While the establishment of new institutions is planned at the EU level, Member States will have to designate "national competent authorities".[21] These authorities will be responsible for ensuring the application and implementation of the AI Act, and for conducting "market surveillance".[22] They will verify that AI systems comply with the regulations, notably by checking the proper performance of conformity assessments and by appointing third-parties to carry out external conformity assessments.

Enforcement

The Act regulates the entry to the EU internal market using the New Legislative Framework. It contains essential requirements that all AI systems must meet to access the EU market. These essential requirements are passed on to European Standardisation Organisations, which develop technical standards that further detail these requirements.[23]

The Act mandates that member states establish their own notifying bodies. Conformity assessments are conducted to verify whether AI systems comply with the standards set out in the AI Act.[24] This assessment can be done in two ways: either through self-assessment, where the AI system provider checks conformity, or through third-party conformity assessment, where the notifying body conducts the assessment.[25] Notifying bodies also have the authority to carry out audits to ensure proper conformity assessments.[26]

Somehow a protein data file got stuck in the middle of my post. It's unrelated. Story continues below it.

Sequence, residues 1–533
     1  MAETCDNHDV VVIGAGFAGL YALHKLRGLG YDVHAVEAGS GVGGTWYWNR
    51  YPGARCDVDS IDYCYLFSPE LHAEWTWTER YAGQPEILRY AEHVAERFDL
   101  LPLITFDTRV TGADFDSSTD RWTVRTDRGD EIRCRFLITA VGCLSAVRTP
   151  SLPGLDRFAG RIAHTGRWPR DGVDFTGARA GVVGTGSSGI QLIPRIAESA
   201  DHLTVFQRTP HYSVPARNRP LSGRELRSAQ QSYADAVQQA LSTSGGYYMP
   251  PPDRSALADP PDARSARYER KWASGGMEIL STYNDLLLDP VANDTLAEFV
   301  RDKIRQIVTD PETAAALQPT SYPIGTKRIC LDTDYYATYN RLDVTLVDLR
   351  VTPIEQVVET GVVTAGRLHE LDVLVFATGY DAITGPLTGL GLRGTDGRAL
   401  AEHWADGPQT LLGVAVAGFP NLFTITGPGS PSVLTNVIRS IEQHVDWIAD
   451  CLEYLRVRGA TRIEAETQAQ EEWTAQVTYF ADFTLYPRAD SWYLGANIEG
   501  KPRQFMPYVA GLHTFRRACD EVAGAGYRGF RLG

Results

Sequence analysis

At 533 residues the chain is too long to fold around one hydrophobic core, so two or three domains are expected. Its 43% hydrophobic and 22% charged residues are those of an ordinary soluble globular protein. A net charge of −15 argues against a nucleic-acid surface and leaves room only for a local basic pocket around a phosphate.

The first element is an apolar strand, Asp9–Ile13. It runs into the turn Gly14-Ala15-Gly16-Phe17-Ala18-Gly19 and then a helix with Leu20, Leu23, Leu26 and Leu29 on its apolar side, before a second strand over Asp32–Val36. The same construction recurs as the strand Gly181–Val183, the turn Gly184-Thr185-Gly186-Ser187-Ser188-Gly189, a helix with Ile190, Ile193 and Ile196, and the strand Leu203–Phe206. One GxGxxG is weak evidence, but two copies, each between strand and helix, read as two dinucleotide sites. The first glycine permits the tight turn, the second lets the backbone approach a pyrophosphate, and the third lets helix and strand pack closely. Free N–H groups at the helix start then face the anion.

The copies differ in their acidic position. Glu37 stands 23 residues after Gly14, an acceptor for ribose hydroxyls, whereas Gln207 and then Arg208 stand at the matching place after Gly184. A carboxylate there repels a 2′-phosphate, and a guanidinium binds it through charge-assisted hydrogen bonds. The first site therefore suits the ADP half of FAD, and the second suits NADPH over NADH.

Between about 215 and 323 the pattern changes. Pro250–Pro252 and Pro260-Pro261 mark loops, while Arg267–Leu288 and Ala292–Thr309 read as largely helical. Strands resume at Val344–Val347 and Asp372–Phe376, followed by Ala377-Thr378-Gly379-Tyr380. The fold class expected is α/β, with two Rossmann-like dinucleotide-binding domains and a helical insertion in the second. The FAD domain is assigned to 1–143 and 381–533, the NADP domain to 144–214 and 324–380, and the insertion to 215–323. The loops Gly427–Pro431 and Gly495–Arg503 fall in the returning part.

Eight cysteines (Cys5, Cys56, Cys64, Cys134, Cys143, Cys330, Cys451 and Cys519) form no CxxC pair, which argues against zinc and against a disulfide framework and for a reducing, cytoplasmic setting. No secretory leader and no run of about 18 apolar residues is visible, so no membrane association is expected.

Criticism has arisen regarding the fact that many high-risk AI systems do not require third-party conformity assessments.[27][28][29] Some commentators argue that independent third-party assessments are necessary for high-risk AI systems to ensure safety before deployment. Legal scholars have suggested that AI systems capable of generating deepfakes for political misinformation or creating non-consensual intimate imagery should be classified as high-risk and subjected to stricter regulation.[30]

Legislative procedure

In February 2020, the European Commission published "White Paper on Artificial Intelligence – A European approach to excellence and trust".[31] In October 2020, debates between EU leaders took place in the European Council. On 21 April 2021, the AI Act was officially proposed by the Commission. On 6 December 2022, the European Council adopted the general orientation, allowing negotiations to begin with the European Parliament. On 9 December 2023, after three days of "marathon" talks, the EU Council and Parliament concluded an agreement.[32]